The Guardian November 22, 2000


Queensland teachers defend public education

Queensland teachers continue their campaign against the Federal 
Government's decision to grant rich private schools massive funding 
increases.

State school teachers are currently voting on resolutions that condemn the 
Commonwealth's decision to boost elite school coffers by millions of 
dollars each year.

Queensland Teachers' Union Vice-President Steve Ryan said the Howard 
Government's policies amounted to a clear attempt to starve state schools 
of funds.

The teachers' campaign will involve writing to and sending delegations to 
Federal MPs and setting up groups in electorates to campaign in the lead-up 
to the Federal election.

Anger in the public education system and the community at large centres on 
the government's State Grants (Primary and Secondary Education) Bill 2000.

The Bill will deliver 65 per cent of the Federal education budget to 
private schools which educate only 30 per cent of students.

The proportion of recurrent Federal funding going to private schools has 
increased from 0 per cent in the 1970s, to around 50 per cent in 1982, to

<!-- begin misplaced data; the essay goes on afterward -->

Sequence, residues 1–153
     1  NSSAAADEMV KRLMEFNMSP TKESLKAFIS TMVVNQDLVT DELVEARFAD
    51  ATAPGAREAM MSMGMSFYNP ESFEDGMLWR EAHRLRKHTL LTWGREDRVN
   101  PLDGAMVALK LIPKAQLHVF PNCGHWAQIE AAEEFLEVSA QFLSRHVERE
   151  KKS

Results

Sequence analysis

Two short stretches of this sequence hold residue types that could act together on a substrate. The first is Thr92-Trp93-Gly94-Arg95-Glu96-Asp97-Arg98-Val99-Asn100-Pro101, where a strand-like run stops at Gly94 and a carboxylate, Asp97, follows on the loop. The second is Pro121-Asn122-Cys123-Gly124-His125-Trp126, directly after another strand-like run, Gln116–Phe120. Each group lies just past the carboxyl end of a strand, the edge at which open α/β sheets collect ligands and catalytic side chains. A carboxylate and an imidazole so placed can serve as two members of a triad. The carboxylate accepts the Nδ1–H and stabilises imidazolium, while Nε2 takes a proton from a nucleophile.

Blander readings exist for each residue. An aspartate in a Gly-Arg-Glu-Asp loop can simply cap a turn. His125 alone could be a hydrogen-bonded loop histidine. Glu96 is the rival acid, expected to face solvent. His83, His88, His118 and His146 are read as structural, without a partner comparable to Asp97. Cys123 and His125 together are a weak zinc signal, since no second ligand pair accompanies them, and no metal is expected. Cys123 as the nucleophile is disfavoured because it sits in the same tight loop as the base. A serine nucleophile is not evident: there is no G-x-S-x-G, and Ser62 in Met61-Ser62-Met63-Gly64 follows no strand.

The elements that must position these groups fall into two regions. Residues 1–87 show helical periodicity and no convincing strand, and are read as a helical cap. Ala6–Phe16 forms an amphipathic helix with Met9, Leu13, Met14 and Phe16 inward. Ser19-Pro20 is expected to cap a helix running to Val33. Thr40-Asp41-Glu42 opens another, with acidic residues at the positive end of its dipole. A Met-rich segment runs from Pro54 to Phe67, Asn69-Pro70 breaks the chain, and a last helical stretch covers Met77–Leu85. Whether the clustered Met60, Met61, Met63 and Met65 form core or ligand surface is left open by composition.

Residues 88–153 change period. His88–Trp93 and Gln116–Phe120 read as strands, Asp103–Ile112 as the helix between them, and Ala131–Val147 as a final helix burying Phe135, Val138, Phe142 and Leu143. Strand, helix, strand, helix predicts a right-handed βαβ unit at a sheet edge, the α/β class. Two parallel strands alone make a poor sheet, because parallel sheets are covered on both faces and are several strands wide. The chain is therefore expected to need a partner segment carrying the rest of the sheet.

57 per cent in 1996, to 65 per cent by 2003.

Mr Ryan said it was impossible for the Federal Government to justify a 
policy that gave millions more to rich private schools and crumbs to state 
schools.

"State school parents will rightly ask why wealthy schools which charge up 
to $12,000 a year or more in fees get million dollar windfalls of 
taxpayers' money", said Mr Ryan.

Mr Ryan called on the Federal Government to bow to community pressure and 
redraft the legislation.

"Teachers are angry that private schools are increasingly being given all 
the money but have none of the responsibilities of state schools", Mr Ryan 
concluded.

Unless enough pressure can be exerted on the Government and Labor Senators, 
the Bill looks set to pass through both Houses, as ALP leader Kim Beazley 
has given it his blessing.

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